MGE: Closing Arguments

May 13 2011, 1:13 PM by Ray Acheson, Reaching Critical Will

The final day of the MGE was rich in content, cooperation and wisdom
to help drive the UNPoA process towards greater levels of consensus
and implementation. In part due to the creative, hands-on leadership
of the Chair, the discussions this week have mixed practical results
and broad-based technical support with ideas that can capture the
imagination and help us convince the skeptical that progress on the
UNPoA is both feasible and in the best interests of the global
community.

by Dr. Robert Zuber, Global Action to Prevent War

Among the many helpful concepts and images, one provided by the Swiss
called for ‘comprehensive life cycle management.’ This echoes a point
made previously in the Monitor—that small arms remain lethal long past
the point that they are relevant for use in the formal security sector
and that dependable marking and tracing protocols for the
international community must be able to provide ‘cradle to grave’
coverage of the movement of such weapons.

Comprehensive management, as we have seen this week, is an ambitious
goal incorporating a myriad of technical, communications and capacity
issues. Towards that end, diplomats and their experts have negotiated
challenging terrain this week—helping to resolve communications and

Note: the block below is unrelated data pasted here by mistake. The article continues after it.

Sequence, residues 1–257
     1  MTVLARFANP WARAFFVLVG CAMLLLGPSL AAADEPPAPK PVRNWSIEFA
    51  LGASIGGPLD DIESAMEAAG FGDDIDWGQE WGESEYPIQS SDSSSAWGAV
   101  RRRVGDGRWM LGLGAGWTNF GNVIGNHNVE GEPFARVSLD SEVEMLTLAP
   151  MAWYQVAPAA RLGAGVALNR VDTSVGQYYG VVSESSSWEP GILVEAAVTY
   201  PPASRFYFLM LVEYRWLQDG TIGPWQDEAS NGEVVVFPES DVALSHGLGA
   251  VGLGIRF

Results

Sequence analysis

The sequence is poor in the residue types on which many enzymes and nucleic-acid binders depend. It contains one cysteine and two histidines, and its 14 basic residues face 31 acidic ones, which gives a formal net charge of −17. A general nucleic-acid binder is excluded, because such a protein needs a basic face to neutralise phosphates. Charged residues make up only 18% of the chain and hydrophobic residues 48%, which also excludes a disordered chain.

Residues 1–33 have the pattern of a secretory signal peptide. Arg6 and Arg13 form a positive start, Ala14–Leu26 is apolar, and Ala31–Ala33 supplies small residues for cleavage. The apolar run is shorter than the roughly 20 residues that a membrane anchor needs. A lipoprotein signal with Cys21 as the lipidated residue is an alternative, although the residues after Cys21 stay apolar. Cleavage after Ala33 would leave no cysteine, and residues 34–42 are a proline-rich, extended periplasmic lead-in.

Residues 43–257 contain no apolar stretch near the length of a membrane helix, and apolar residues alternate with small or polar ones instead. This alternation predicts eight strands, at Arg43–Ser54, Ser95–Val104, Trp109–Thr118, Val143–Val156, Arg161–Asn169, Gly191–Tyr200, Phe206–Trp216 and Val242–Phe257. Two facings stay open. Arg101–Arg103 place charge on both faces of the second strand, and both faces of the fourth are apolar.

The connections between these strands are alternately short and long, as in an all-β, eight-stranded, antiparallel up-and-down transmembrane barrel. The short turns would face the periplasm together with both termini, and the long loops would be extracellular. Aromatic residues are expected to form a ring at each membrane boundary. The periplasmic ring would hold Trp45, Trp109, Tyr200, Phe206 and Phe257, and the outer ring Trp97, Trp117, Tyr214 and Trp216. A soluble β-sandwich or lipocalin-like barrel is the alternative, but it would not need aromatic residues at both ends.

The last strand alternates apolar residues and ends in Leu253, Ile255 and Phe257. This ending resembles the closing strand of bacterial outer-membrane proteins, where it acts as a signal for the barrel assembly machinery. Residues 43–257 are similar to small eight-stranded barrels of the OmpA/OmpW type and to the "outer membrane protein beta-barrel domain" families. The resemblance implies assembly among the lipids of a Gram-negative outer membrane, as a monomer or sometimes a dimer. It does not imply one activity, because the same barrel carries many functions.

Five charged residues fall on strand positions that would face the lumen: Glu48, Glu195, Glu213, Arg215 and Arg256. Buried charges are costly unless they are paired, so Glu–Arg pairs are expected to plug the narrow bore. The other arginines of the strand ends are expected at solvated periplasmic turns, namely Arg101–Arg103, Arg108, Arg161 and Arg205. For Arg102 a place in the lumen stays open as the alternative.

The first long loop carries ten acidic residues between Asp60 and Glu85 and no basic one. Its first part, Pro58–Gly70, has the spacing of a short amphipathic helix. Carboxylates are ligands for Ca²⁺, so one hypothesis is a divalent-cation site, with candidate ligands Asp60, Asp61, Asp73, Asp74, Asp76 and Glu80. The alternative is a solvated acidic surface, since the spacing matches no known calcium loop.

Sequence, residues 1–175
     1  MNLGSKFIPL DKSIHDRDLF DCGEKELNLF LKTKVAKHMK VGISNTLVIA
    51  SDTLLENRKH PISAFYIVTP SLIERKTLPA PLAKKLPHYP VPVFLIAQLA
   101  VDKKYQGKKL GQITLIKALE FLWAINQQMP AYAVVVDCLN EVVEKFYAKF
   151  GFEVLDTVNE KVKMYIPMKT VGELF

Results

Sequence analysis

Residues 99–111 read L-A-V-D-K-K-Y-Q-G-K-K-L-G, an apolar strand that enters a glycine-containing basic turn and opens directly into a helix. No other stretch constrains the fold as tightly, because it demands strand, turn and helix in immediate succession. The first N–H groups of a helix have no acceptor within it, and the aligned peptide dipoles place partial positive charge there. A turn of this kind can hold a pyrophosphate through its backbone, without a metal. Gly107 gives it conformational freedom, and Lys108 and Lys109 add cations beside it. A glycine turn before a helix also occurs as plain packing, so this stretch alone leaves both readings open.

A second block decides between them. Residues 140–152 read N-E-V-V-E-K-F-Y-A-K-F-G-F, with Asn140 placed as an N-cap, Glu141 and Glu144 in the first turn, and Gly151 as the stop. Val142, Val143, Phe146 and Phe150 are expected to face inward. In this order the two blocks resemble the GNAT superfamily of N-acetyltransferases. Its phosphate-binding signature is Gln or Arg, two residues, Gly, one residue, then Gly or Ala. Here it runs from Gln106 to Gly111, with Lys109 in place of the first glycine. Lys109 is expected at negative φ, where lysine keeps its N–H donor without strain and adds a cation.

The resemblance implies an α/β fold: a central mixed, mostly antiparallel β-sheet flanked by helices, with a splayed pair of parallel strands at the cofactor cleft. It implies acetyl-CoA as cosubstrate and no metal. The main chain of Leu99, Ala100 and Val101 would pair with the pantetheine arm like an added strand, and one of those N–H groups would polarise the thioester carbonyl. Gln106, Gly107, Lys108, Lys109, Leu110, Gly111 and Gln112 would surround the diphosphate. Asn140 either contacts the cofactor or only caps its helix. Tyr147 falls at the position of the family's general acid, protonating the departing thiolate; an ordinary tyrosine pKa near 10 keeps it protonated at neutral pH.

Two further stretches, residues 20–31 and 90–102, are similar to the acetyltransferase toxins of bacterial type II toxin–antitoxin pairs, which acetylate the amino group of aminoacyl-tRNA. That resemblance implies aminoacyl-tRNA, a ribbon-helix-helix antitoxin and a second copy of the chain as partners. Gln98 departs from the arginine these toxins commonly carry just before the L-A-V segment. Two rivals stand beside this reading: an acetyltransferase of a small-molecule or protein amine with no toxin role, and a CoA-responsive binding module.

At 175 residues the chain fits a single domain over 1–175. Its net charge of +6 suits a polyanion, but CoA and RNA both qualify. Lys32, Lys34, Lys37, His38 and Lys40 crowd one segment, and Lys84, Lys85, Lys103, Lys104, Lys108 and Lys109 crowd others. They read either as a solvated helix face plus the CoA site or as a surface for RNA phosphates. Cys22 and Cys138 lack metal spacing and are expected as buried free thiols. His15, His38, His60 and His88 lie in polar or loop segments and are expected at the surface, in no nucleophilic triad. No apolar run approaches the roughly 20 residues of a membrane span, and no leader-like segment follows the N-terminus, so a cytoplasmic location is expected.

tracing obstacles while providing practical and political incentives
needed to achieve broad agreement and enhance implementation
prospects.

The results are encouraging. While consensus on all provisions
remains elusive, there has been broad assent within conference room 1
to the proposition that global security requires strong measures to
dry up unmarked stockpiles, end the illicit trade in small arms,
eliminate incentives for weapons diversion, and affirm measures of
regulatory coherence that can encourage confidence and fair play

We all have plenty to do before the 2012 Review Conference for the
UNPoA—including broad constituent outreach and conversations in many
capitals. But we also hope and urge that the diverse experts gathered
this week can be enlisted as an informal committee to help address
issues and questions that our conversations have failed to resolve.
The more ongoing clarity can be provided to delegations by these
experts, the more likely that the Review Conference will fulfill some
of its loftiest promises.